Trust cuts harm history, Miles Kemp, Advertiser

16 April 2012

Some of the state's most historic public properties are crumbling as the National Trust considers abandoning them due to State Government funding cuts.

The Trust is drawing up a hit list of properties it must return to the ownership of taxpayers because it cannot pay for maintenance.

Nine properties have already been identified.

The State Government gave the trust 42 properties to manage two years ago but at the same time cut its annual budget of $200,000 for maintenance.

Trust chief executive Eric Heapy said the organisation was also suffering from reduced bequests and donations. Revenue had fallen from $3,737,905 to $2,340,853 between 2010 and 2011.

"...we need desperately to put our own house in order, find new ways of generating income and to get some funding from government," he said.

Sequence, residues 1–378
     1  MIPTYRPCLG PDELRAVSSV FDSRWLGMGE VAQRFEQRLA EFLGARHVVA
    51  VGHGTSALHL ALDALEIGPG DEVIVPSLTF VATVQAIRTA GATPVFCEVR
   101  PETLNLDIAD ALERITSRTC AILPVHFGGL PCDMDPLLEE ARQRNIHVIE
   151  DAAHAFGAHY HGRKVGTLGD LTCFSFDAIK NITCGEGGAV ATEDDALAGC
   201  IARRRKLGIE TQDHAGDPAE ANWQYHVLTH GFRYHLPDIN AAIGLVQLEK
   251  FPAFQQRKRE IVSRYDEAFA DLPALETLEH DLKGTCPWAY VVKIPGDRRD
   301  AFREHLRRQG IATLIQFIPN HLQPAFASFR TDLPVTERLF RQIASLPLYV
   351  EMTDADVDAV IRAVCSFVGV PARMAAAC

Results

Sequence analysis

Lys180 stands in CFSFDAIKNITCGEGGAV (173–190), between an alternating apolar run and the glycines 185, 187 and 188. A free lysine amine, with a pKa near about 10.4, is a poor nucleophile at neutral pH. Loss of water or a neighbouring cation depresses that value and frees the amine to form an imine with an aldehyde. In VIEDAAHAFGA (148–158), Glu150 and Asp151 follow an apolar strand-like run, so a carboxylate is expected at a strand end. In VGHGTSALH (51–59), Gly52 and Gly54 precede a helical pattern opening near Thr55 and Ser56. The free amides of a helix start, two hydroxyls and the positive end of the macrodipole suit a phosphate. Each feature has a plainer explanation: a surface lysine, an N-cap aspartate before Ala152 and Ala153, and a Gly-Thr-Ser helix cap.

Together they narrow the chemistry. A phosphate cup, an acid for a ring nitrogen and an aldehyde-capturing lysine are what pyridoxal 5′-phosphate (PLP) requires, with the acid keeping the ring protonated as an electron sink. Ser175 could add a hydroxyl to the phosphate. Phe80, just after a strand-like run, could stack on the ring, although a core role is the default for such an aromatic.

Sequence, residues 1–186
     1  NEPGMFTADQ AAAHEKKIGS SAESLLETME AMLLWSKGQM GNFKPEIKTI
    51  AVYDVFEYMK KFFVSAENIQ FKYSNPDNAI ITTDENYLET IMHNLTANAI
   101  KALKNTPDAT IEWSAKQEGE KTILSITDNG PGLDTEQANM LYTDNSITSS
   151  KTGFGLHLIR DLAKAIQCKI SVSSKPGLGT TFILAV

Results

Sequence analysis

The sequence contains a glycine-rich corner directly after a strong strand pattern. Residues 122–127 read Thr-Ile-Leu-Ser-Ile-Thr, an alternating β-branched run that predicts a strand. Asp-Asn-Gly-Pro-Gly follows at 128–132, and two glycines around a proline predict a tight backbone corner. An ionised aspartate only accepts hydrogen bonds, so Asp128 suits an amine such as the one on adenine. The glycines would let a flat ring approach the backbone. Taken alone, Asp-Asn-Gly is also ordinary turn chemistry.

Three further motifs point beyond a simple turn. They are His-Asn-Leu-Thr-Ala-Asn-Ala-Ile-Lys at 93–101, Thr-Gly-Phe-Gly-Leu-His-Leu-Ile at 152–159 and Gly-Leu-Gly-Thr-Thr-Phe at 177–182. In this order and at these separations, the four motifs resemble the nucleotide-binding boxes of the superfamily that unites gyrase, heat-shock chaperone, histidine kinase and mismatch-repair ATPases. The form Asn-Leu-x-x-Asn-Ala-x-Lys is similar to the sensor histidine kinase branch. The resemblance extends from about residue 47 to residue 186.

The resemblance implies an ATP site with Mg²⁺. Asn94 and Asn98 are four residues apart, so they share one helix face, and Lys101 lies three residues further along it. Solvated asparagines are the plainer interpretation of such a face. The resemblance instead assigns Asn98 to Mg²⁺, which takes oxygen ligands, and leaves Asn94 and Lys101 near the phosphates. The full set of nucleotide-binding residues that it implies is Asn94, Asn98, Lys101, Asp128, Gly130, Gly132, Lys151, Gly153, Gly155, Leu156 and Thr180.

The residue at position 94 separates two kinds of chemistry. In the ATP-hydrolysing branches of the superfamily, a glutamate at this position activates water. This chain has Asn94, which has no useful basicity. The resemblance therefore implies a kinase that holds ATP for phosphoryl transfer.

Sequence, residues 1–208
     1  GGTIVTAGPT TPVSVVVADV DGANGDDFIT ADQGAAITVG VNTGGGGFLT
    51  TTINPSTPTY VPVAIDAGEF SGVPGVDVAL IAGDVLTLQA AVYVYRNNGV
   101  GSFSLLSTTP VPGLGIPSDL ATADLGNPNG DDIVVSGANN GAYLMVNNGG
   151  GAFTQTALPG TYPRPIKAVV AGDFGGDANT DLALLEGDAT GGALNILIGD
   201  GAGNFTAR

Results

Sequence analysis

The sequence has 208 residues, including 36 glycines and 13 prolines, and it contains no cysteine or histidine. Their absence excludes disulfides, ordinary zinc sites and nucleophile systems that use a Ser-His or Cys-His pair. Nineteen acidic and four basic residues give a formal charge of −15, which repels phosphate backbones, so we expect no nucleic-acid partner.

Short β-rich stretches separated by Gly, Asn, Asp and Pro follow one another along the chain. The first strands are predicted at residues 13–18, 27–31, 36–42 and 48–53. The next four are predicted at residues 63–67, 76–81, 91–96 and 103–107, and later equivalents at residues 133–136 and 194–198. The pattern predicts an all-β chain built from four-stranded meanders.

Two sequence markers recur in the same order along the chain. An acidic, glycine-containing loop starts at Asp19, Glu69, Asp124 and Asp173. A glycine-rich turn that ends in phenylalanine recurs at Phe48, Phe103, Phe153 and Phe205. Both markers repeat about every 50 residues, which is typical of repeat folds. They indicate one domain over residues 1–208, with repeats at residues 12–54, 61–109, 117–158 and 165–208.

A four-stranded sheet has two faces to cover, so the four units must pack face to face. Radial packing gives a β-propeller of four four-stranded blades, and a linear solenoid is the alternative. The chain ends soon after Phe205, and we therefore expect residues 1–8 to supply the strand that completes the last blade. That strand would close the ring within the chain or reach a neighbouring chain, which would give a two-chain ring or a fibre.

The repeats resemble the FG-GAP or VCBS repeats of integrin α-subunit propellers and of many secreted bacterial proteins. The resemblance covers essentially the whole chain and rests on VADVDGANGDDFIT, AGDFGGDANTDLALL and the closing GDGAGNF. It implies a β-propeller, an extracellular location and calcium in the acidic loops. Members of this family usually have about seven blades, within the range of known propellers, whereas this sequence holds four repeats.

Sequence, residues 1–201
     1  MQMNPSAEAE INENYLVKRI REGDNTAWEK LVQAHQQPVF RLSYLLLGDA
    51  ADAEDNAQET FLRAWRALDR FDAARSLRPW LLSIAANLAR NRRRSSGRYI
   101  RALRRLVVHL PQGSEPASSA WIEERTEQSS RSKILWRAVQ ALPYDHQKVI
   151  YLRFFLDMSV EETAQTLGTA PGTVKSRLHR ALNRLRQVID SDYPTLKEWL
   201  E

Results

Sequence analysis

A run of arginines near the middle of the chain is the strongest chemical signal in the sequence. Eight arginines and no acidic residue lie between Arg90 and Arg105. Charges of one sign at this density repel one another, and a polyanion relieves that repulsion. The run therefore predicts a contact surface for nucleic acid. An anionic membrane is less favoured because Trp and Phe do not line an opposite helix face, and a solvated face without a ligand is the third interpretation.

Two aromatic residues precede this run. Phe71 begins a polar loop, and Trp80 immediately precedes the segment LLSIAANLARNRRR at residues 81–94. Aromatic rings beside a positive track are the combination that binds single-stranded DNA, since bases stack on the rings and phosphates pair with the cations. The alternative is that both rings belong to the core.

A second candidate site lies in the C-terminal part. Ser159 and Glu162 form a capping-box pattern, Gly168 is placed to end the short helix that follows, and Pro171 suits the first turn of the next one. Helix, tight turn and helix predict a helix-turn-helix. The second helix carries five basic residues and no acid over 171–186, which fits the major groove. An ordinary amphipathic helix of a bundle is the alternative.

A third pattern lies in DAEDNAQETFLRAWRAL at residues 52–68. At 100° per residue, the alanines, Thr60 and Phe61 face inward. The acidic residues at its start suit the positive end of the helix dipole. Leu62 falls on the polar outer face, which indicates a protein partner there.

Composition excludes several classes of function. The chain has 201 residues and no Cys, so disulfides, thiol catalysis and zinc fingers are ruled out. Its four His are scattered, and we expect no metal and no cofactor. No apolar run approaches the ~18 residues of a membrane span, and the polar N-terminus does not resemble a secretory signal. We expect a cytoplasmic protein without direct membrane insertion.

"A report has been put to the Government about their 42 properties saying we can no longer afford to fund them and we are examining ways we can return some of them to the Government.

"There are five we need to return immediately because we are created under an Act of Parliament, we are there for the public good for all South Australians and we believe there should be some public (taxpayer) support." Those five properties are Nappers Accommodation in Barmera, the Bery Bery Reserve and Memdelbuik Reserve in Berri, the Old Council Chambers in Cleve and the relic Whim in Booleroo.

Mr Heapy said the trust was also trying to find new owners, mainly councils, for four other government owned, but trust-managed properties the Cobdogla Chimney at Barmera, the Old School at Maitland, the Police Station and Courthouse at Melrose and Graves Reserve at Whyalla.

A Department of Environment and Natural Resources spokesperson said: "Representatives from DENR have been meeting regularly with the National Trust and will be meeting with them again when their strategic planning process is more advanced to discuss how best to address this issue." Mr Heapy revealed an injection of $1.6 million in Federal Government funds in the past 18 months "literally saved the skin" of some of the properties.

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